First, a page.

Can You Test A Drug And Also Say Negative Things About It? 8

In my last post I raised the possibility that Steve Nissen, a highly influential cardiologist who has been an outspoken critic of industry influence in medicine, might have his own conflict of interest (COI) problem. In response, another cardiologist, James Stein, said that my post was unfair in its treatment of Nissen and failed to consider important distinctions and subtleties in the academic literature about conflict of interest.

Let me first of all confess that Stein– for whom I have the highest possible regard– makes some excellent points. And I further admit that my piece pretty much ignored some of these fine academic distinctions. But I also think it’s likely that we may have a forest and trees situation here and that by focusing on subtle COI distinctions it is possible to lose sight of the larger issue.

A Simple Test

Rather than focus on the subtle distinctions between different types of COI I’d like to propose a much simpler way to think about this problem as it exists in the real world. Here’s the test I would propose: can you imagine Nissen, or indeed anyone in a similar situation (running a large multimillion dollar trial of a drug) publicly saying something decidedly negative or critical about the drug?

Click here to continue reading…

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More Sunshine: CMS Wants Companies To Report Payments To Physicians For Medical Education Reply

In a major reversal of policy, CMS wants industry to report payments to physicians for continuing medical education. The move would eliminate from the Physician Payment Sunshine Act the current exemption for CME.

Initially CMS’s  proposal for implementation of the Sunshine Act required industry to report payments to physicians for CME programs. But after considerable debate and lobbying from industry, the final rule included an exemption. As a result, companies are not now required to report payments to speakers at accredited CME events as long as the companies don’t select the speakers or directly pay them.

CMS now appears to have changed its mind. Near the end of its list of proposed changes for next year, CMS is proposing to eliminate the exemption:

Click here to read the full post on Forbes.

 

A CME Program Begs The Question: Promotion Or Education? Reply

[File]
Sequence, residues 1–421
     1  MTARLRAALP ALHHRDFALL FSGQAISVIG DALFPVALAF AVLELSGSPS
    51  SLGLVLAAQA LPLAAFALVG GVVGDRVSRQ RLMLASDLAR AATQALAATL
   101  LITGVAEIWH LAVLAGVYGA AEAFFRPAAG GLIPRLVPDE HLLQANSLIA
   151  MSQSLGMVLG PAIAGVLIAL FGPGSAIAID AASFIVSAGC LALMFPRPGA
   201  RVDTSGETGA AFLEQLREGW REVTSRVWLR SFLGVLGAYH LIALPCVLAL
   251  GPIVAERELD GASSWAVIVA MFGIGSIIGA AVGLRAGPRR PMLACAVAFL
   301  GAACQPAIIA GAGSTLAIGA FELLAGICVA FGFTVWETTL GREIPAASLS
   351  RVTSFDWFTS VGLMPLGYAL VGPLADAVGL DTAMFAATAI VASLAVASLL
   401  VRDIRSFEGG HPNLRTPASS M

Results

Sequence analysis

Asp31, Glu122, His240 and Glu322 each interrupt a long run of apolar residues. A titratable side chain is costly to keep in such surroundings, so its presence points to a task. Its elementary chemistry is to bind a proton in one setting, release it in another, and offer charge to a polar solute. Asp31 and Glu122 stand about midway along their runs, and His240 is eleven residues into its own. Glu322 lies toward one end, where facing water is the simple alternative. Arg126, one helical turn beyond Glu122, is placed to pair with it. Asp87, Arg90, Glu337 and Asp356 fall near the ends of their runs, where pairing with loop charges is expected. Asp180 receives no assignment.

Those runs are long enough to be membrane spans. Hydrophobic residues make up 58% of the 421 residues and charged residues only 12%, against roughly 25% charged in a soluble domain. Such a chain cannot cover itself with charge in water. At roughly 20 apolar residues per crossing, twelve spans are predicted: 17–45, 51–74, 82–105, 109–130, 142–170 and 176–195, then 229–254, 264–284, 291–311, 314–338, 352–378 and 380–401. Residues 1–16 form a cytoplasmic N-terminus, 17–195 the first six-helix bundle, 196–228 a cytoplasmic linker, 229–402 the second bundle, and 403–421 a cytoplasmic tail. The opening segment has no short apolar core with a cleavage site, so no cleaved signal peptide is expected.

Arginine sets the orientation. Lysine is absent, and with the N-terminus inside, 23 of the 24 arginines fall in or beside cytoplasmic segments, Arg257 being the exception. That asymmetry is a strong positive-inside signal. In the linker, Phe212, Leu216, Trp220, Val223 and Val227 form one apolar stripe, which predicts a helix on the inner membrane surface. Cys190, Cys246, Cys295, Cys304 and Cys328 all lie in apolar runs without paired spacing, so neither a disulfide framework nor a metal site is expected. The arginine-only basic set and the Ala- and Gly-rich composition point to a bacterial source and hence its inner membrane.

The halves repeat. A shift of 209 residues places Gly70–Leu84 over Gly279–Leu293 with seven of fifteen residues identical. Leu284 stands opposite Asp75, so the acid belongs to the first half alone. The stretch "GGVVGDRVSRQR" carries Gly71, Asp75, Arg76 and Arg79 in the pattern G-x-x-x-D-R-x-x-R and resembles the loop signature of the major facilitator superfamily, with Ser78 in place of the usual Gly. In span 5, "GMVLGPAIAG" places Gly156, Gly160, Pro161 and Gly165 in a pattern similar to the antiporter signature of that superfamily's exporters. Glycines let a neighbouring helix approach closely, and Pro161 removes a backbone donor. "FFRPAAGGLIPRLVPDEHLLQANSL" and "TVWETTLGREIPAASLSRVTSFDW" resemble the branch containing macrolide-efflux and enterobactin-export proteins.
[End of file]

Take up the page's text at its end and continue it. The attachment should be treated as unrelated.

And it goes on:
In recent years defenders of commercially-supported continuing medical education (CME) have claimed that the industry has cleaned up its act and that CME programs today are largely free of the abuses that were so common not so long ago. Perhaps. But there are still plenty of examples of programs that violate the fundamental principle that medical education should be completely separate from commercial interests.

A striking example is a recent email I received from TCTMD, the online arm of the Cardiovascular Research Foundation (CRF), which is basically the equivalent of the Vatican for interventional cardiologists. The subject line of the email was nothing out of the ordinary:

Sponsored Message from Volcano: ADAPT-DES Webcast and Investigator Interview

I get lots of these sort of messages from different medical organizations. I’m not crazy about them but I understand that these groups have to pay their bills. But it’s vitally important that these groups maintain a clear separation between commercial messages like these and genuine educational content.

The text of the email makes some astonishing claims. It makes the case– not surprising in a promotional message– that interventional cardiologists should use IVUS more often during their procedures. But the text fails to mention that the numbers mentioned in the text come not from a randomized controlled trial but from an observational study. The findings thus should be considered hypothesis generating. In addition, as is so often the case when medical results are being hyped, the relative differences sound quite impressive– 50% reduction in stent thrombosis and 33% reduction in MI– but the absolute differences are much less impressive: at one year stent thrombosis was reduced from 1.04% to  0.52% and MI was reduced from 3.7% to 2.5%. And remember, since these differences are not the result of a randomized comparison they may be completely illusory.

Click here to read the full post on Forbes.